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  • Writer's pictureCorrespondence Collective

Matt Dart - Artist blog

Introducing a new series of artists blogs from selected artists who have taken part in the Restriction exhibition. Our third artist blog is from Matt Dart, South West (UK) artist working in lock-picking, performance and visual displacements. Matt Dart is an emerging artist, currently studying at Creative Arts at Bath Spa University. This blog post was funded by the Arts Council England, giving more paid opportunities to artists.

Lots of Love.

Hello. My name is Matt and I’m a South West based artist who was recently involved in the Correspondence Collective exhibition of miniature artworks. My work is about the narrative of objects, non-traditional forms of art making and, in this case, love.

In 2014 part of the ‘Pont Des Arts’ bridge in Paris collapsed under the weight of locks attached by couples; relationships can get a bit heavy.

For this call out I chose to submit an ongoing project. This work is entirely unrelated to my own relationship ending under the restrictions of Lockdown.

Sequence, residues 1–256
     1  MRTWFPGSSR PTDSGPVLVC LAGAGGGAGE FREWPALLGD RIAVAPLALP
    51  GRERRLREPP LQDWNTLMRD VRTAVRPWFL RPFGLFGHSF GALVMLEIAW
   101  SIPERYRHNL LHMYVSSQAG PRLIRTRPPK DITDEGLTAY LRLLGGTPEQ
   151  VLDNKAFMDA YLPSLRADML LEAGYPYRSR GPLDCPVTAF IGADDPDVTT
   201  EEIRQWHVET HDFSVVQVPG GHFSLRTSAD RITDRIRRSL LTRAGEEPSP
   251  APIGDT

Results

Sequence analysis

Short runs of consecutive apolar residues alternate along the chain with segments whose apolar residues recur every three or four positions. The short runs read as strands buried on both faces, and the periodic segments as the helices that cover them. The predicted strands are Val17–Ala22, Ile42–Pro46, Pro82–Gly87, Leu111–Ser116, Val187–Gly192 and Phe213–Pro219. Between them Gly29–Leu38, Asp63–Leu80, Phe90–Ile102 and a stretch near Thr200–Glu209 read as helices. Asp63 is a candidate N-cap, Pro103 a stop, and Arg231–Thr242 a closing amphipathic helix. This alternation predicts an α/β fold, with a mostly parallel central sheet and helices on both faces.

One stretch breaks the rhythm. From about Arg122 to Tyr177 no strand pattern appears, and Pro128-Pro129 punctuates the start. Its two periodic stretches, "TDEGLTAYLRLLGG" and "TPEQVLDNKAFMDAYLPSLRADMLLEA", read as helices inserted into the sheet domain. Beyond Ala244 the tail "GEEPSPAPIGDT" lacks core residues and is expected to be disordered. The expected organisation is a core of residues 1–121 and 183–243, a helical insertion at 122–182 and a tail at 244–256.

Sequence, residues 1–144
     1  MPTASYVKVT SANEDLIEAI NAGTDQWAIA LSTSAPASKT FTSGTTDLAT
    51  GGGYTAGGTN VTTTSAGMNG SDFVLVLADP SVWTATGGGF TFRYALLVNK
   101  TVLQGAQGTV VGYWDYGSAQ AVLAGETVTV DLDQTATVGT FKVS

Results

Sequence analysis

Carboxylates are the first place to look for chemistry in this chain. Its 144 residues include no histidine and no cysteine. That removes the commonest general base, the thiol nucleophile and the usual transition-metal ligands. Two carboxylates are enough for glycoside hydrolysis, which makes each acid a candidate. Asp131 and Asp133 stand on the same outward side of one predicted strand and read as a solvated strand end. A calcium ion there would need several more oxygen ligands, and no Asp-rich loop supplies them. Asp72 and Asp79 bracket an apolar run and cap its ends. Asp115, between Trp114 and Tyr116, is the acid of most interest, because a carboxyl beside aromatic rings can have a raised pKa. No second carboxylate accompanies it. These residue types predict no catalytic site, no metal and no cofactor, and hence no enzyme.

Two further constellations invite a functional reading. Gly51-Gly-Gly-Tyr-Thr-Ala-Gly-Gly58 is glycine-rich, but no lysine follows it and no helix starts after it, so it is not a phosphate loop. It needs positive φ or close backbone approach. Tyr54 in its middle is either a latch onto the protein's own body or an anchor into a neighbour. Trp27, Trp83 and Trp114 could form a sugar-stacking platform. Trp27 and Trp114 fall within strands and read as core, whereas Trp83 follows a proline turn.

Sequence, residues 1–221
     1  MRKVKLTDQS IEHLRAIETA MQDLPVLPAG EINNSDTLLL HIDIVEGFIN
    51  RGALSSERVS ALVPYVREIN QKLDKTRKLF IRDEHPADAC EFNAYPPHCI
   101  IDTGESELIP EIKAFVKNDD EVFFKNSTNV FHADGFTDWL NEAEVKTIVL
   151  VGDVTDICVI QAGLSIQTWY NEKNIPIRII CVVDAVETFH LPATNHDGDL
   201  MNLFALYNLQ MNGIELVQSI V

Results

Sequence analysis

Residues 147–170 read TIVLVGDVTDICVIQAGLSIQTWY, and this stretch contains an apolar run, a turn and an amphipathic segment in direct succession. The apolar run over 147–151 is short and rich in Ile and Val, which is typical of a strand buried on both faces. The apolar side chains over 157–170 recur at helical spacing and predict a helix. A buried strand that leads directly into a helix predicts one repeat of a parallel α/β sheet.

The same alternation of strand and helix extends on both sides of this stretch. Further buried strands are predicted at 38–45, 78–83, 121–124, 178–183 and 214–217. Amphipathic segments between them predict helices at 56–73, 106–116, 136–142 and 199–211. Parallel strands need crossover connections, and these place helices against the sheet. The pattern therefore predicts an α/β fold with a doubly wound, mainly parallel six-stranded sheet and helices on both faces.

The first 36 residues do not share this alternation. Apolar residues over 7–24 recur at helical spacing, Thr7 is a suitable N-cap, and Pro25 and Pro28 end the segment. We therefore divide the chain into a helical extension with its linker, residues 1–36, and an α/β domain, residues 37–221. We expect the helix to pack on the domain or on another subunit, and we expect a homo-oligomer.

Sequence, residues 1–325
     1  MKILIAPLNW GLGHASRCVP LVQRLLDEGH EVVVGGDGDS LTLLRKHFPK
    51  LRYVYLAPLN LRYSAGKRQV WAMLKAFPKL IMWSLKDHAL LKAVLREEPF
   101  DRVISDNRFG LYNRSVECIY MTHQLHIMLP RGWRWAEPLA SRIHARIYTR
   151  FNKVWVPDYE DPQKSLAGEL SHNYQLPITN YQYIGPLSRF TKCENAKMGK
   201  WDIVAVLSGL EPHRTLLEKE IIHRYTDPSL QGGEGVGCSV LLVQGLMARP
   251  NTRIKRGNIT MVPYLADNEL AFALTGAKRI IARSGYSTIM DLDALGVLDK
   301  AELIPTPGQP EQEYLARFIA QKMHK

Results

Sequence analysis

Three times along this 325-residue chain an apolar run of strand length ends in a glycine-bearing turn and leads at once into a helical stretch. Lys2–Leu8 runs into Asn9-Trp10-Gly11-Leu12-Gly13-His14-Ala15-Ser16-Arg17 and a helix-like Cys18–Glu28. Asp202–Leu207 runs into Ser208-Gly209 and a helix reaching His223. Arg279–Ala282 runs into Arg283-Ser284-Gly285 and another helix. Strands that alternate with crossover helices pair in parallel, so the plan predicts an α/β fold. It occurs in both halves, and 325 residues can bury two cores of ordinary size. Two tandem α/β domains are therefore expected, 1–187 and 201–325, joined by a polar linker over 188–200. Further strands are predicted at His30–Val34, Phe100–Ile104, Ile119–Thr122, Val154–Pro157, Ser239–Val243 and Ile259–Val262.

Learning to pick locks took months of practice; it only took an afternoon to remove a large number of people’s romantic sentiments from Pero's Bridge in Bristol. The resulting objects hold cultural value to some, my intervention aims to interfere with this narrative and provoke a response. Responses have included being called cruel and evil.

What I found really appealing about this exhibition is that the work would exist in a physical space rather than solely digitally and conveniently the locks were the right size to fit inside the letterpress drawers.

The exhibition was streamed from Clayhill Arts and I watched live with others from around the world. When I saw all of the work together, I had a real feeling of connection to so many other artists who have also been working in isolation. It was extremely heart-warming… Perhaps I am not such a cruel or evil person after all.

It was apparent that whatever the restrictions: in the world or in physical size, artists are able to respond in clever and creative ways. This collection of work feels like a real document of recent times and I am extremely pleased to have been part of a project that involved such a wide range of voices.

So far, I have picked and removed over 100 locks from bridges in Bath and Bristol and remain single, as I said this is unrelated. A big thank you to Amanda Lynch, Clayhill Arts and the postal workers of the world for making this exhibition happen.

Matt Dart website:

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